Normally, we don’t think of cars as communication tools, but they absolutely are, even if their vocabulary is pretty limited. There’s really two separate devices on a car that are designed to communicate the driver’s intentions: the horn and the turn indicators. Today I want to talk about a tantalizing glimpse of what may be the finest early turn indicator, and complain about how little I know about it.
I should also mention that, sure, brake lights are communicating an action the driver is performing as well, and you can flash and Morse-code all you want with your headlights, but the turn indicators are the only device we have on a car to communicate a pure thought of your future intentions. You’re not currently turning, but it’s part of your grand scheme, and you want to share it with the world.
Turn signals have been around a long time, and we’ve covered their early history on several occasions, because, remember, Jalopnik is the globe’s finest turn-indicator news and culture-related organization, period. Recently, though, I saw a type of early signal I’d never seen before, and while I haven’t been able to find out enough about it to satisfy my desires, I want to share it with you.
I encountered this indicator in, of all places, a book my six-year-old checked out of the library. It’s a nicely illustrated book, lots of good information, and includes a whole two page spread about warning signals, which is mostly horns and this one fascinating device:
See that plastic or Bakelite or cellulose or whatever hand there, wearing that fetching glove? It’s part of a cable-operated turn signal system, and according to the book it’s from 1910, and the hand lights up.
Holy crap, that’s exactly the kind of thing that gets my indicators blinking, if you get me. Sadly, the book offered no more information than that: 1910, illuminated plastic hand, cable-operated.
It’s clear that this indicator was designed to mimic the standard hand signals that dominated inter-automobile-direction-changing-discourse in the years before standardized electromechanical turn indicators, and it seems like it would do a bang-up job as that, acting, essentially, as a prosthetic, remote-control hand for the driver.
To learn more, I started with a patent search, and found something close, but very much not it. Percy Seymour Douglas-Hamilton had patent number 912,831 from 1909 which describes a hand-signal-based automotive turn-indication system, but those hands are simply hand silhouettes designed to illuminate as needed.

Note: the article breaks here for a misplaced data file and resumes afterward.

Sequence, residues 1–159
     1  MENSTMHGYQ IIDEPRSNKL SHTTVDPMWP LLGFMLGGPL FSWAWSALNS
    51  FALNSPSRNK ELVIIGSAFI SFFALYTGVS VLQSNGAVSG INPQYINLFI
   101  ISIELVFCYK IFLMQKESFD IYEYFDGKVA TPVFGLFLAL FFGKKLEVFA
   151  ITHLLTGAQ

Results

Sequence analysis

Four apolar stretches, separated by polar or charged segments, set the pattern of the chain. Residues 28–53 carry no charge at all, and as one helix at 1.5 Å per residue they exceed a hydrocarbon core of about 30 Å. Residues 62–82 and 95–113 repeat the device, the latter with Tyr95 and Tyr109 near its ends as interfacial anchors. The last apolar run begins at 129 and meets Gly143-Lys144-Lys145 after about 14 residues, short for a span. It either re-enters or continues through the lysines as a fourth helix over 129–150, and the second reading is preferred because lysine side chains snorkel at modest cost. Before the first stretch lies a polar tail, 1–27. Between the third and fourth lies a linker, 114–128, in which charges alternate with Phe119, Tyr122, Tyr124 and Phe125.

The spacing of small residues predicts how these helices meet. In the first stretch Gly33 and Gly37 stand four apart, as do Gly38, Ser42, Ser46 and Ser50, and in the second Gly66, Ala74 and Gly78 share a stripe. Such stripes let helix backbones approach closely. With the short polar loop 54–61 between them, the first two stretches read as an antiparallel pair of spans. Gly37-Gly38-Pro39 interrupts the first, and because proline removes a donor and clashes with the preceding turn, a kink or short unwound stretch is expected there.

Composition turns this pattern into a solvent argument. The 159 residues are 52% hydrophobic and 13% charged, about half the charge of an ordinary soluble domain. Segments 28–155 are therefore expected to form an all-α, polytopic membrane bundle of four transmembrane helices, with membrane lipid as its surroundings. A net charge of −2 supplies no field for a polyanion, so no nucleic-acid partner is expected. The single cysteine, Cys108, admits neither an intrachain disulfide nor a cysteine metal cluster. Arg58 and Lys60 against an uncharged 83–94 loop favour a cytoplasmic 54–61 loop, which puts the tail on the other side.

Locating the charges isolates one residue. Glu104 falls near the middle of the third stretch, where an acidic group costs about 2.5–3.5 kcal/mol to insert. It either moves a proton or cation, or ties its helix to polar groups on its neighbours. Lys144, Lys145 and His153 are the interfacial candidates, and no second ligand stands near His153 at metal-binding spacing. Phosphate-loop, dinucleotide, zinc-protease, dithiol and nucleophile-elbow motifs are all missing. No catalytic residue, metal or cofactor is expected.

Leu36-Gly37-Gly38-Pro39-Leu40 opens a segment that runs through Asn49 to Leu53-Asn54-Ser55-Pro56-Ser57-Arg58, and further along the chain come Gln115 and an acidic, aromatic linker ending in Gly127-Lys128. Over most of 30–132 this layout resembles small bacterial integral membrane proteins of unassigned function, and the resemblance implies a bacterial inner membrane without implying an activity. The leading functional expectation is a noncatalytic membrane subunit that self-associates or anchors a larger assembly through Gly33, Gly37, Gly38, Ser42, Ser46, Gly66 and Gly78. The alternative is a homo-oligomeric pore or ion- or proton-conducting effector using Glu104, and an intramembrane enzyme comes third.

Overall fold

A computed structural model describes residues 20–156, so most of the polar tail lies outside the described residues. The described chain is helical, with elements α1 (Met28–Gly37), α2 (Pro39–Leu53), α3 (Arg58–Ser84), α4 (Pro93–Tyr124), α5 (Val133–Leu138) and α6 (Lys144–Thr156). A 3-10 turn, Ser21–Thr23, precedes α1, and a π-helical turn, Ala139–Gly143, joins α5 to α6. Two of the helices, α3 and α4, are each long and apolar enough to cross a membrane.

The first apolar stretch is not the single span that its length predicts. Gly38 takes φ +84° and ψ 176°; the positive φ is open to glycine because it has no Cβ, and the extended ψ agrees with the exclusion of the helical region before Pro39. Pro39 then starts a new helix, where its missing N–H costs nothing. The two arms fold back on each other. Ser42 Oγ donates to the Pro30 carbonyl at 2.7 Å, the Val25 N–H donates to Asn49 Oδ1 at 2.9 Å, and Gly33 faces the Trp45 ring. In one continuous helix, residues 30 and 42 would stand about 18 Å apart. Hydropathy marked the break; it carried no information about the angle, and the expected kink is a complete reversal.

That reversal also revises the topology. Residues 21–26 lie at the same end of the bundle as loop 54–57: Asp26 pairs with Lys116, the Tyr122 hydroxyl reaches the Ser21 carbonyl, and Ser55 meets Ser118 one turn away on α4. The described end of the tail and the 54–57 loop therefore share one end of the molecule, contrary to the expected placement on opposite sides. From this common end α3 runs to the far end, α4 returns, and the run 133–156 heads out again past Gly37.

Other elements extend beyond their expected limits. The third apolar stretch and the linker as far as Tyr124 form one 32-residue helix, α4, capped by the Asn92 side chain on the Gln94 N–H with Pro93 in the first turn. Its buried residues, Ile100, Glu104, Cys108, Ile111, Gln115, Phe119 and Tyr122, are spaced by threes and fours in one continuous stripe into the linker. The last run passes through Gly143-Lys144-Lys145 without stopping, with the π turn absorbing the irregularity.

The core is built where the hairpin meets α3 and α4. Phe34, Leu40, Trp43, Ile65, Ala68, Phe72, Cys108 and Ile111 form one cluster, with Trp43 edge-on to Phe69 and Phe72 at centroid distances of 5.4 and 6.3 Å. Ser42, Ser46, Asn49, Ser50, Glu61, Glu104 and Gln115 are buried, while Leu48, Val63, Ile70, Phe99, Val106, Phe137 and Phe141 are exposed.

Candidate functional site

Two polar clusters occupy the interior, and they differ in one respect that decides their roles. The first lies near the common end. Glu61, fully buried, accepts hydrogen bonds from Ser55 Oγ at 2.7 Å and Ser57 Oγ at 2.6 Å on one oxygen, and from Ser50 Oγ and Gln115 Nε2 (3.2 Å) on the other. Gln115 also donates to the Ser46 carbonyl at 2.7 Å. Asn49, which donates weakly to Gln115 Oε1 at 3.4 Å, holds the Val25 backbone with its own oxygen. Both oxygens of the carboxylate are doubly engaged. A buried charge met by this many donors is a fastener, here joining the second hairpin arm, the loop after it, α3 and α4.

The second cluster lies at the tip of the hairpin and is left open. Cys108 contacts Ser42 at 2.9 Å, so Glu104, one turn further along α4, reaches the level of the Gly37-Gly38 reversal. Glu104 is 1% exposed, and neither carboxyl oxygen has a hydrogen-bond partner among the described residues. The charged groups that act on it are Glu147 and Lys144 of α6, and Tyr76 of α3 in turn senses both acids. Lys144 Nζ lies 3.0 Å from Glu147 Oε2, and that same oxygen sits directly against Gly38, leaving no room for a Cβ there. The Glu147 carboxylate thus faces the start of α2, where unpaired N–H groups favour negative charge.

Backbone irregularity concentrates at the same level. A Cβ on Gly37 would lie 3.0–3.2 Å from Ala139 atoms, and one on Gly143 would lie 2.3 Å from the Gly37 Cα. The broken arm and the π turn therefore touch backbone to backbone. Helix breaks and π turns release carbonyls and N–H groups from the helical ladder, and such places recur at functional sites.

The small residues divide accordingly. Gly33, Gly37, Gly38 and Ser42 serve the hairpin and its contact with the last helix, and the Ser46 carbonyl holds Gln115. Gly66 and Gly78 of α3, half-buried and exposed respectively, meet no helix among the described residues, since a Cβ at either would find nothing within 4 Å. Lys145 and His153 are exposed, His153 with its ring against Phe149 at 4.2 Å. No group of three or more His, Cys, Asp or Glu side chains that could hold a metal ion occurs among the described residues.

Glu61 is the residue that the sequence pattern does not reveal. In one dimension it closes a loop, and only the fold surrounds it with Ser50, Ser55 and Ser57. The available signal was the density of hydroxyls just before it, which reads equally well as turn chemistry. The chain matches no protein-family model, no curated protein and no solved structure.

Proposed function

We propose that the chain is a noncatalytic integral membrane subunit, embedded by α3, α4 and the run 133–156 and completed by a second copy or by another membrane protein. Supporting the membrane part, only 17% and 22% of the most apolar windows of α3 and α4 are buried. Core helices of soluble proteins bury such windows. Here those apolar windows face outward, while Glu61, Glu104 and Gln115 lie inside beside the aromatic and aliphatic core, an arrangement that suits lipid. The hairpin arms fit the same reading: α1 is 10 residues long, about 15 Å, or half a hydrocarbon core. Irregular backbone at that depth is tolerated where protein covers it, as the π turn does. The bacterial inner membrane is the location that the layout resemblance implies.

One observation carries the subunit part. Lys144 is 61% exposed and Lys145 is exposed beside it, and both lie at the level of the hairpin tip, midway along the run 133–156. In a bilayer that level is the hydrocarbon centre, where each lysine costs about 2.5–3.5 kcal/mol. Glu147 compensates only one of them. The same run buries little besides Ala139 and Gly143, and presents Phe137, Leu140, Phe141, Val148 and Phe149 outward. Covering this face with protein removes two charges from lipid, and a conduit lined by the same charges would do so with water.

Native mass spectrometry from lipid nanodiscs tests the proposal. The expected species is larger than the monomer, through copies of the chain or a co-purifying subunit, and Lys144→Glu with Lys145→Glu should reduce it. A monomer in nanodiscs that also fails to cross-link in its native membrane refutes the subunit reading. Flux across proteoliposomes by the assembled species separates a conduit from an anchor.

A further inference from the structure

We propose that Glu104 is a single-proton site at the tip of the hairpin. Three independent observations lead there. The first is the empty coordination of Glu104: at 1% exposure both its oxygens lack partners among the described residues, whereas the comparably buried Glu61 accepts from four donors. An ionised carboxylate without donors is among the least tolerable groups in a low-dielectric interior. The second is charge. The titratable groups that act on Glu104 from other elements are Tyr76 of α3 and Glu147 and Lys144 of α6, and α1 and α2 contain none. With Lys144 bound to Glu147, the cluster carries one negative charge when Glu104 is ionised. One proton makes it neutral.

A far cry from an actual, moving plastic hand. Even those little flip-up semaphore trafficators are closer, since they actually physically move; Percy Doug-Hammy’s thing is actually much closer to a modern taillight, just with a more evocative lens design.
This mechanical hand indicator isn’t necessarily the earliest electrical or mechanical turn signal system—Douglas-Hamilton’s was from 1907, remember—but it is certainly the most literal replacement for hand signaling.
Mechanical moving-arm trafficators and hand signals were concieved at least as early as 1914, so whatever this little fake hand thing is, it’s among the first of its kind. Based on the wrist mechanism, it looks like the hand can swivel at the wrist and wave back and forth, providing motions for all the major hand signals.
It think it was likely a British product; the book is from Doring Kindersley in London, and I’ve tried to reach out to the author to see if there’s any more information to be had. I suspect it’s from some automobilia collection in the UK.
So, if anyone has any clues about this wonderfully goofy mechanical hand, I’d love to know. In the meantime, I’ll see what else I can find out, and promise to update when I learn more.
This is about turn signals, people. This is serious goddamn business.